July 24, 2018 / 12:23 PM / in a month

The unfolding of China's Changsheng vaccine scandal

SHANGHAI (Reuters) - Chinese vaccine maker Changsheng Bio-technology Co Ltd, accused of fabricating production and inspection data, has become the subject of multiple probes - including investigations by police and the corruption watchdog.

Boxes of vials containing the rabies vaccines manufactured by the vaccine maker Changsheng Biotechnology, is seen at a local disease prevention and control centre in Huangshan, Anhui province, China July 23, 2018. REUTERS/Stringer

Under pressure, Changsheng has recalled its vaccine for rabies and been fined for selling ineffective vaccines to inoculate children against diphtheria, whooping cough and tetanus. Its Shenzhen-listed shares have lost $1.8 billion (£1.3 billion), or more than half their value since mid-July.

Based in Changchun city in the northeastern province of Jilin, it sells six types of vaccines and is China’s second largest producer of rabies and chickenpox vaccines, according to its 2017 annual report. Its made 1.55 billion yuan (£173.8 million) in revenue last year, up 53 percent from 2016.

It was once a subsidiary of Changchun High & New Tech Industry, a state-owned bio-pharmaceutical and healthcare enterprise. Chairwoman Gao Junfang, currently being investigated by police, is now the firm’s largest single shareholder.

NOV 3, 2017

China’s drug regulator said sampling inspections had found that some DPT vaccines produced by Changsheng and rival Wuhan Institute of Biological Products did not meet its potency standards. All of Changsheng ineffective DPT vaccines were sold in the eastern province of Shandong. The regulator asked hospitals and disease control centres around the country to immediately stop using vaccines in the same batch.

Changsheng acknowledged that its vaccines could be ineffective, but said they would not cause any safety issues.

JULY 11

China’s drug regulator carries out a spot check at Changsheng’s facilities following a tip-off from a former employee.

JULY 15

The drug watchdog says the process used to make Changsheng’s rabies vaccines violated manufacturing standards and revoked its licence for the vaccine. The local Jilin FDA also launched an investigation.

Changsheng recalled its unexpired rabies vaccines and said it was “deeply sorry” for the incident.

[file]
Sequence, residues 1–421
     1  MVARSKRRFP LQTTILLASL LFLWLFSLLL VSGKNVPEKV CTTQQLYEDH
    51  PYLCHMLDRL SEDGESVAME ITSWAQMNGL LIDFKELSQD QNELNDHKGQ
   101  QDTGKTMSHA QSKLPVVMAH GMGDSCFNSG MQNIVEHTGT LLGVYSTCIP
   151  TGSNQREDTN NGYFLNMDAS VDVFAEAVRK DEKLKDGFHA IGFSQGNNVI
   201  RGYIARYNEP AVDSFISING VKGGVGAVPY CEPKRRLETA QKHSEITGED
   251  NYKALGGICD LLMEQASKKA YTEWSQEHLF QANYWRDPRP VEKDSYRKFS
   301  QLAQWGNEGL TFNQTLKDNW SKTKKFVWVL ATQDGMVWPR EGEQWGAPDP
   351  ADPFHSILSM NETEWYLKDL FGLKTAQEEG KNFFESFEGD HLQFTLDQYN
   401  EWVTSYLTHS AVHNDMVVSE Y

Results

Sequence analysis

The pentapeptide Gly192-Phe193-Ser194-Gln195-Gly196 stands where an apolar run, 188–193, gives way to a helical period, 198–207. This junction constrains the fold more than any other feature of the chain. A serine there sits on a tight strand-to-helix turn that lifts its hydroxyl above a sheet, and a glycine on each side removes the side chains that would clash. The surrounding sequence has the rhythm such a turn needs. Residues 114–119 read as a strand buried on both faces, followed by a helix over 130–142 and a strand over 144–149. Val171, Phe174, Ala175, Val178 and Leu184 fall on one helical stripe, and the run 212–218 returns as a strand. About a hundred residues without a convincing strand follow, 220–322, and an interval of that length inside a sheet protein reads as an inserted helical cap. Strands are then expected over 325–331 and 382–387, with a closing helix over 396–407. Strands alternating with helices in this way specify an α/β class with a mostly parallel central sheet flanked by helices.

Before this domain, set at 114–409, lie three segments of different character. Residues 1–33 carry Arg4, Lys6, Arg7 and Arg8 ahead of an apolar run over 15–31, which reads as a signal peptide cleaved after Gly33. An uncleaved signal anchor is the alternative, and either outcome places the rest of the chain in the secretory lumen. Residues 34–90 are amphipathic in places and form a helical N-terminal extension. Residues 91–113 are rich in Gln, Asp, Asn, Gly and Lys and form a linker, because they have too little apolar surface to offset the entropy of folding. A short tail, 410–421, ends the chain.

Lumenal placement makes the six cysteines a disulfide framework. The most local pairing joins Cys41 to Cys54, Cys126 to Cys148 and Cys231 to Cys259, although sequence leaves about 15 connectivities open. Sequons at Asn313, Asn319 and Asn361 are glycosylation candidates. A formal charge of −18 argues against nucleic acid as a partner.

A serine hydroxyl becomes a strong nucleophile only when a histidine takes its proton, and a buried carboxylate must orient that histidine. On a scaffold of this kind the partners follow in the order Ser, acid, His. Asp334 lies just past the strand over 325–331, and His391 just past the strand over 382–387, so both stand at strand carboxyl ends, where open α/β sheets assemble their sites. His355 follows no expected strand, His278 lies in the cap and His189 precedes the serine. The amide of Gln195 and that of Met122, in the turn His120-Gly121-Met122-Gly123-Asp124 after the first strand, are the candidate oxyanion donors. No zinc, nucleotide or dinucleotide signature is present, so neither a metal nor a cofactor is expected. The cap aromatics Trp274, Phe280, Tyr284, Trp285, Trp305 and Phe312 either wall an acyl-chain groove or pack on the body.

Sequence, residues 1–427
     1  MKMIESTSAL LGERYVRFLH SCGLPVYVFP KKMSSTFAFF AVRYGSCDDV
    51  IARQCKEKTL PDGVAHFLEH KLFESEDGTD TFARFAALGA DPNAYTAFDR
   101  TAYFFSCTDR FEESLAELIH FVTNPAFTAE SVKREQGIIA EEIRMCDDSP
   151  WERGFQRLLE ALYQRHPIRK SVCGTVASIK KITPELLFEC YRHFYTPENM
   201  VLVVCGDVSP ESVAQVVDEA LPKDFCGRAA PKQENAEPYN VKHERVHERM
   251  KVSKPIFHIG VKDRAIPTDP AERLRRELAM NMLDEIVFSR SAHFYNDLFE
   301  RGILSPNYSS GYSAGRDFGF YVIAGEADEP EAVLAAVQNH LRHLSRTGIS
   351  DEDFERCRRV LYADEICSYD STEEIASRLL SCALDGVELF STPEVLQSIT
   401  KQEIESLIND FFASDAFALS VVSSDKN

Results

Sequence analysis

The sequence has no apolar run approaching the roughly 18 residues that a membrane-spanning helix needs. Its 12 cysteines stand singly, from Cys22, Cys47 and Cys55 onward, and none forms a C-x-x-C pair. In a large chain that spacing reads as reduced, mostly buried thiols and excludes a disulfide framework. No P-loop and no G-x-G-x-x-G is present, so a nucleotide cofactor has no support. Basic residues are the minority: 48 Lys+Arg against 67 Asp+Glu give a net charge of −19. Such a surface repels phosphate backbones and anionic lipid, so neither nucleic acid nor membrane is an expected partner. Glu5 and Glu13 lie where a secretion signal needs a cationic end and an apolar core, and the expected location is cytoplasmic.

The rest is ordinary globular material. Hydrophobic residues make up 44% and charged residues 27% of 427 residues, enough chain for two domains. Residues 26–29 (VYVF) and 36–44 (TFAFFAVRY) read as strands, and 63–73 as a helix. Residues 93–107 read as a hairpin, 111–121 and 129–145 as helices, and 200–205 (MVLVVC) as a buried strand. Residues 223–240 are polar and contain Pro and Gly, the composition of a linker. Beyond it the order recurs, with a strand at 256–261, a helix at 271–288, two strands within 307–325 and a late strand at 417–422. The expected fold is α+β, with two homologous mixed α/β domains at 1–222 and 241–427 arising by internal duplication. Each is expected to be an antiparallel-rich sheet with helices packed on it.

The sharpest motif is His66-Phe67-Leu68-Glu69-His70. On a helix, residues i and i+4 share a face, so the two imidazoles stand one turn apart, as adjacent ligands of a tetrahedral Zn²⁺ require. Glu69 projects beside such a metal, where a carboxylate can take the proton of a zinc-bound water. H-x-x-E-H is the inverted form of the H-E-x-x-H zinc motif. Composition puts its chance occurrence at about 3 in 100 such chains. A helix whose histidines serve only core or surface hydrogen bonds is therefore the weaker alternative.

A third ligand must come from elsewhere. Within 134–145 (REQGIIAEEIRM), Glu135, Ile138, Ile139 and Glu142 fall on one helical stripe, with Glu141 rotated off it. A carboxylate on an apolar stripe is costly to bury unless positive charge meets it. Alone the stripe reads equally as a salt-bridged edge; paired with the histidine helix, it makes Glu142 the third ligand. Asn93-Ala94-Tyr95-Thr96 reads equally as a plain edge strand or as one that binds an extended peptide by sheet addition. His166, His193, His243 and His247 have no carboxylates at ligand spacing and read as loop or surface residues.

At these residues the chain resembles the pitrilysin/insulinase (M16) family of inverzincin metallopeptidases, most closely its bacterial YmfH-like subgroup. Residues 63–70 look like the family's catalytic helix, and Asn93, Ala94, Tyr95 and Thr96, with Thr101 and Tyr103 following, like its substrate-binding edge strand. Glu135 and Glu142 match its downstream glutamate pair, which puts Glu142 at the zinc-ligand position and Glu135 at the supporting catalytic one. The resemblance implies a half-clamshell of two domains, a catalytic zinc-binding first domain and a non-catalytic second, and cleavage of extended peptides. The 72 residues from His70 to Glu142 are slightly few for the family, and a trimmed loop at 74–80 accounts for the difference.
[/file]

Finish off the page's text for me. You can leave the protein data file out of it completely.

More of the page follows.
JULY 16

Changsheng’s stock price drops by its daily limit of 10 percent.

JULY 18

Changsheng says in a statement it will recall of all its rabies vaccines.

JULY 20

Jilin’s FDA issues report saying Changsheng sold 252,600 doses of ineffective DPT vaccines to inoculate children against diphtheria, whooping cough and tetanus. Company says it is fined 3.44 million yuan over the issue.

JULY 21

A Chinese blogger posts an article on WeChat critical of the company that goes viral. The story was deleted on July 22nd.

JULY 22

Chinese Premier Li Keqiang said the vaccine incident “crossed a moral line” and promised to “crack down on illegal and criminal acts that endanger the safety of peoples’ lives”.

An official with China’s drug regulator said in an interview with state television that Changsheng had arbitrarily made up and changed manufacturing and inspection records.

JULY 23

Changsheng said in a regulatory filing China’s securities regulator was investigating the firm on suspicion of violating information disclosure rules and warns investors it could be delisted.

The official Xinhua news agency says police in Jilin are investigating Changsheng executives, including its chairwoman, for suspected criminal behaviour.

President Xi Jinping slams the company’s actions as “vile and shocking” and calls for a swift investigation.

JULY 24

China’s graft regulator, the Central Commission for Discipline Inspection, says it is investigating Changsheng for suspected corruption.

Changsheng confirms in a stock exchange filing that Chairwoman Gao Junfang and five other employees are being investigated by the police and have been taken in for questioning. It says they are unable to perform their duties.

Reporting by Adam Jourdan and SHANGHAI newsroom; Editing by Edwina Gibbs

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